A class action lawsuit worth £600 million was filed against BT Group PLC for overcharging for landlines.
The class action lawsuit was filed against BT for allegedly failing to compensate elderly customers who were victims for years of its previous overcharging for landlines.
It builds on a 2017 statement by the UK Office of Communications (Ofcom) that people who only had a landline telephone were “getting poor value for money in a market that is not serving them well enough”.
As a result of Ofcom’s statement, BT was prompted to lower its price for landlines by £7 a month. However, the campaigners of the lawsuit were not satisfied that “loyal customers” have still not been compensated for previous overcharging.
Call for compensation
Justin Le Patourel, founder of consumer group Collective Action on Landlines (CALL) and a telecoms consultant who worked for Ofcom for 13 years, argued: “Ofcom made it very clear that BT had spent years overcharging landline customers, but did not order it to repay the money it made from this.”
“We think millions of BT’s most loyal landline customers could be entitled to compensation of up to £500 each, and the filing of this claim starts that process,” Le Patourel continued.
The £600 million claim, if successful, could result in payments of £500 each for 2.3 million BT customers. It was filed with the Competition Appeal Tribunal (CAT) by law firm Mishcon de Reya.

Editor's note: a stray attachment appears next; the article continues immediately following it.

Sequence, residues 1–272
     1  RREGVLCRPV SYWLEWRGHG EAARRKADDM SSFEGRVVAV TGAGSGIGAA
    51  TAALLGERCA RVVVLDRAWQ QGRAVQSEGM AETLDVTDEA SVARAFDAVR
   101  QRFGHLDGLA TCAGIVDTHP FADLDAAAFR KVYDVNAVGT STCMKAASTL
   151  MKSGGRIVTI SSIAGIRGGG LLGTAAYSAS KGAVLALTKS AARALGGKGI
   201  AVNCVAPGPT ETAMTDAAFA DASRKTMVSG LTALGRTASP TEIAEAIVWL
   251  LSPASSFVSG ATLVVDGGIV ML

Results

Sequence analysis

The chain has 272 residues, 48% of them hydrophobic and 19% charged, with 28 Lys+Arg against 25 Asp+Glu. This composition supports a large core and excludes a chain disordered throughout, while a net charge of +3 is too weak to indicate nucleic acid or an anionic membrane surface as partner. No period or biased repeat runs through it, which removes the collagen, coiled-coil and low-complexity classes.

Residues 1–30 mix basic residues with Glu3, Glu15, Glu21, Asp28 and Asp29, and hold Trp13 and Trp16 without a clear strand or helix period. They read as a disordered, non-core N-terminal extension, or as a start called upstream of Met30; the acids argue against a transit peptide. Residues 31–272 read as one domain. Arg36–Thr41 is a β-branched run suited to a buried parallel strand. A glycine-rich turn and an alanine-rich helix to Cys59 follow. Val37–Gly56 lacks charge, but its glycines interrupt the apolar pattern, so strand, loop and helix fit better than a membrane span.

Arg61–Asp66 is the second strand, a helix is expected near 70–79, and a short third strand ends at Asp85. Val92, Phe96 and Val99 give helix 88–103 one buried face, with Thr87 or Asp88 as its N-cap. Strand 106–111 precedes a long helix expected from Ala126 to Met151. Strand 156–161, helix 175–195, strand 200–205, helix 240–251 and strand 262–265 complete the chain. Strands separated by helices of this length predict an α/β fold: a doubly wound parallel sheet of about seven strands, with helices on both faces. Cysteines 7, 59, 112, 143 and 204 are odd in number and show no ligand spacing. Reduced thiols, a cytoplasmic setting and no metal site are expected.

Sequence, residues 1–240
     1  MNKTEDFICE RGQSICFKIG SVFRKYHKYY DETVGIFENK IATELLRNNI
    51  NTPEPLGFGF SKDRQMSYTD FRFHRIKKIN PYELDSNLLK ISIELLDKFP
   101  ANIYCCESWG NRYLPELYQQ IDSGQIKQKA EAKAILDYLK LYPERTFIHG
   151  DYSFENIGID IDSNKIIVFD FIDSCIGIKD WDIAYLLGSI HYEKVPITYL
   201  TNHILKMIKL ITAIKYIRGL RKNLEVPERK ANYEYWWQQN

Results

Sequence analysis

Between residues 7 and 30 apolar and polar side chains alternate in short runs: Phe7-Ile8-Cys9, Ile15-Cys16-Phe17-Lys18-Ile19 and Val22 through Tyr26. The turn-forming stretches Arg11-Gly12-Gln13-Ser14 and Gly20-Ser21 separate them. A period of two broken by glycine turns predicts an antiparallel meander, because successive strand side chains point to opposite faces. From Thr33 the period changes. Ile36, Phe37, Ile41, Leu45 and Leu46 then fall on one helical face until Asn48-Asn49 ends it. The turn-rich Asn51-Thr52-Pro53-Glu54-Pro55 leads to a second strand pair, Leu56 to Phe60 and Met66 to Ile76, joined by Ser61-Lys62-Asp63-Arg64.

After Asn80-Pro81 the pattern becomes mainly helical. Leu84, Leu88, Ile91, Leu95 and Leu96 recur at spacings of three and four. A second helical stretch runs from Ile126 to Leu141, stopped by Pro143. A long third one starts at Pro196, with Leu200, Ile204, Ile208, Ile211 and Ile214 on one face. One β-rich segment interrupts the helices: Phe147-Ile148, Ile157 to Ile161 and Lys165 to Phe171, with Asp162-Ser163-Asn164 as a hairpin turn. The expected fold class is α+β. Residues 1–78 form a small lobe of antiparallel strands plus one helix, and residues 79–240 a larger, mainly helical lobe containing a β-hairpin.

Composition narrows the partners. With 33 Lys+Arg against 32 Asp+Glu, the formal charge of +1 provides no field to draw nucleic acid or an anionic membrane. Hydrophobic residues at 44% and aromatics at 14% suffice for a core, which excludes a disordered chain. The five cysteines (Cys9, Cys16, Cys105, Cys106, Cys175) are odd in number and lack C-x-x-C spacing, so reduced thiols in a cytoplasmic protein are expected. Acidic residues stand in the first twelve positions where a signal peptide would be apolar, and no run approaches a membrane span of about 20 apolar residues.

Customers represented in the case are those who availed a BT landline contract but did not purchase any BT broadband or pay TV packages.
Reacting to the class action suit, BT stated that it “strongly disagrees” with the allegation that it was engaged in anticompetitive behavior and plans to defend itself “vigorously” in court.
A BT spokesperson explained: “We take our responsibilities to older and more vulnerable customers very seriously and will defend ourselves against any claim that suggests otherwise.”
“For many years we’ve offered discounted landline and broadband packages in what is a competitive market with competing options available, and we take pride in our work with elderly and vulnerable groups, as well as our work on the Customer Fairness agenda,” the spokesperson added.
According to BT, Ofcom’s final statement on landline prices did not explicitly say it was engaging in anticompetitive behavior.
However, independent telecoms analyst Ian Grant pointed out that the telecoms giant “has a history of abusing its position”.
Grant said: “Earlier in 2017, Ofcom fined BT £42m because it was late providing high-speed Ethernet lines, and forced BT to make good the losses of firms like Vodafone and TalkTalk.”
“Ofcom, which has a statutory duty to stop consumer abuses, could have done the same for these customers. Instead, it allowed BT to get away with a 37% price cut, at a time when the difference between its costs and what it charged customers had risen between 50-74%,” he argued.
Grant added: “It is especially poor that BT was overcharging customers who were mostly over 65, more than three-quarters of whom had never used a different provider, and for whom the telephone was their only communications link.”